New York Democratic Reps. Daniel Goldman and Ritchie Torres on Tuesday filed an official complaint with the House Committee on Ethics calling for an investigation into New York Republican Rep. George Santos.
"The House of Representatives has an obligation to police itself, and this is just the start of our mission to hold George Santos accountable to his constituents and the American people," Goldman said in a statement to ABC News.
"George Santos, by his own admission, is an outright fraud. He has admitted that he didn't graduate college, didn't work on Wall Street or in private equity, doesn't own property, and isn't Jewish -- all of which he asserted in order to dupe the voters in Queens and Nassau County," Goldman continued.
A copy of the complaint obtained by ABC News shows the Democrats are requesting the ethics panel investigate Santos's financial disclosures for possible violations of the Ethics in Government Act -- which requires officials to timely, accurately and completely submit reports.
"Mr. Santos's financial disclosure reports in 2020 and 2022 are sparse and perplexing," the complaint reads. "At a minimum, it is apparent that he did not file timely disclosure reports for his most recent campaign. Moreover, his own public statements have contradicted some information included in the 2022 financial disclosure and confirmed that the 2022 financial disclosure failed to disclose other required information."
A watchdog group on Monday alleged Santos violated federal campaign finance laws by concealing the true sources of campaign donations and illegally using campaign funds for personal expenses. The group called on the Federal Election Commission to investigate.
Santos on Tuesday maintained he's done "nothing unethical" as he responded to the complaint being filed by his Democratic colleagues from New York.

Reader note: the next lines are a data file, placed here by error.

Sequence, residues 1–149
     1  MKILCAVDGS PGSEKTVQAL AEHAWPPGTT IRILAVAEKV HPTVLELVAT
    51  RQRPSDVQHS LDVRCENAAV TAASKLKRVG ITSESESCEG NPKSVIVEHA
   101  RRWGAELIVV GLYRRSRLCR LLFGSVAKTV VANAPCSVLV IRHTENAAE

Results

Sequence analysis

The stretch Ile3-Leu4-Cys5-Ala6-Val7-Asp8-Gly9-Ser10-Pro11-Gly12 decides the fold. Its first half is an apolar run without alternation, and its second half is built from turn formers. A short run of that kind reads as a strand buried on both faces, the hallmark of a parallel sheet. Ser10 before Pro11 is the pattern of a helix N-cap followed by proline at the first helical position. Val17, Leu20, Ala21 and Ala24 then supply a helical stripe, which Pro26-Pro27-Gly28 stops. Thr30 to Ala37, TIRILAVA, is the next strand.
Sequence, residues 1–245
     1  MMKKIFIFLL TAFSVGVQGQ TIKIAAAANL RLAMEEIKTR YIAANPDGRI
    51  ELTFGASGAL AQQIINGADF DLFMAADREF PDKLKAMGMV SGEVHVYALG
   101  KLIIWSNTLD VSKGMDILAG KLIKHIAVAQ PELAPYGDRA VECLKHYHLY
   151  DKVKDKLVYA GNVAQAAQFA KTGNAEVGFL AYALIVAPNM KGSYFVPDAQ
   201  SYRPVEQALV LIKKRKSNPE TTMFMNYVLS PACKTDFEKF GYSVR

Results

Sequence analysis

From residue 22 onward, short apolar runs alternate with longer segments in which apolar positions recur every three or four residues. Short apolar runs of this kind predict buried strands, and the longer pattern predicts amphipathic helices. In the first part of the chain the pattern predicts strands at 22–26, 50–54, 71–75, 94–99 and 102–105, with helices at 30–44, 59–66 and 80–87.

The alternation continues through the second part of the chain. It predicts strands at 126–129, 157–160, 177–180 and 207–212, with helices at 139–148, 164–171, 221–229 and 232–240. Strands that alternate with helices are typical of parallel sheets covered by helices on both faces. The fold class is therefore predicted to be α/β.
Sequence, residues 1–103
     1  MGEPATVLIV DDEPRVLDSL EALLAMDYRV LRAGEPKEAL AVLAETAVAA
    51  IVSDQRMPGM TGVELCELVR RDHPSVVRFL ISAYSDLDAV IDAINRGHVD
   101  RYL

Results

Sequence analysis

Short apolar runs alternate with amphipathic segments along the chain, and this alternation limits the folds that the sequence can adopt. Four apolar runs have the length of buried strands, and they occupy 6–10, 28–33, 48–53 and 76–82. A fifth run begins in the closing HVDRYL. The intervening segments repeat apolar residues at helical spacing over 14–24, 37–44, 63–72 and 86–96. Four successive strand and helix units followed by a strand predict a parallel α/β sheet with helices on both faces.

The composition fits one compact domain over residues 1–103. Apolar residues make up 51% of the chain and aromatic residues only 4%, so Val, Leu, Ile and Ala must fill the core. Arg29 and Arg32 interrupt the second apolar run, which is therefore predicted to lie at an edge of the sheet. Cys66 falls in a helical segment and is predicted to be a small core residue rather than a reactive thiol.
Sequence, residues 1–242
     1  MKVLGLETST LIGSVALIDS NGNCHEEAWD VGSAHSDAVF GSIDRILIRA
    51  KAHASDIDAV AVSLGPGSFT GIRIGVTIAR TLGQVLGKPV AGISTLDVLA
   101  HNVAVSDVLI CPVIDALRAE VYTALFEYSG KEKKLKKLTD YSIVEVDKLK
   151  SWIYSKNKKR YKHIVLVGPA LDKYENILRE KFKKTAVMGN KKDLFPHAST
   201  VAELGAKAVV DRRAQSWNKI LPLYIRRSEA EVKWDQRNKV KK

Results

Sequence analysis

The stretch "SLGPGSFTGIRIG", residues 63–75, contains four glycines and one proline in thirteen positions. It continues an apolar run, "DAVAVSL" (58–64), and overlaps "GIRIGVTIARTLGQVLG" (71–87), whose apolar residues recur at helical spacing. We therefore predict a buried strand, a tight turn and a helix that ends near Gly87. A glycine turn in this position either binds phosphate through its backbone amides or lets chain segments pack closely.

"They are free to do whatever they want to do," Santos told reporters. Asked if he's worried about the move, which will trigger an investigation by the panel, Santos said, "I am not. I have done nothing unethical."
Torres and Goldman hand-delivered a copy of their complaint to Santos, who was in his office, on Tuesday morning.
ABC News pressed Santos multiple times on Monday about the latest round of allegations.
"Did you misuse campaign finances?," he was asked. "You're accused of fabricating almost every single part of your life, why do you deserve to represent the people of New York?"
Santos did not answer the questions and asked for "personal space."
When asked why he wouldn't answer questions he said, "I'll be addressing the media soon."
When questioned when that would be, he responded, "On my time."
Santos, after winning his election in New York's 3rd Congressional District, admitted to fabricating much of his background after the lies were reported by multiple media outlets. Claims that he attended a prestigious private high school, graduated from Baruch College and worked for Goldman Sachs have all been disproven.
He's now also facing multiple investigations from New York Attorney General Letitia James, the U.S. Attorney's Office for the Eastern District of New York and other offices.
With a razor-thin majority in the House, Speaker Kevin McCarthy can only afford to lose a few votes from his own party. McCarthy has avoided directly addressing any of the revelations about Santos, ignoring most questions from reporters.
Pressed again as he left the chamber on Monday night, McCarthy told reporters he was handling it "internally."
"I'm sure, at times, I'll come tell you," he said.
When asked if any repercussions should be taken against Santos, McCarthy said "Let me get through everything and I'll let you guys know."
House Majority Leader Steve Scalise, R-La., was pressed Tuesday about whether Santos should be a member of the 118th Congress.
"When you saw him seated last week, there were no challenges to that. This is something that's being handled internally," Scalise said. "Obviously, there were concerns about what we had heard and so we're gonna have to sit down and talk to him about it. And that's something that we're going to deal with. Just like there's a lot of other things we're going to deal with."
Republican leaders are set to soon finalize committee assignments for the new Congress. Some of those assignments are are expected to go to Santos.
"I'll take whatever I get. I'm not a picky person. I came here to serve the people," Santos said Tuesday.
ABC News' Benjamin Siegel, Lauren Peller and Trish Turner contributed to this report.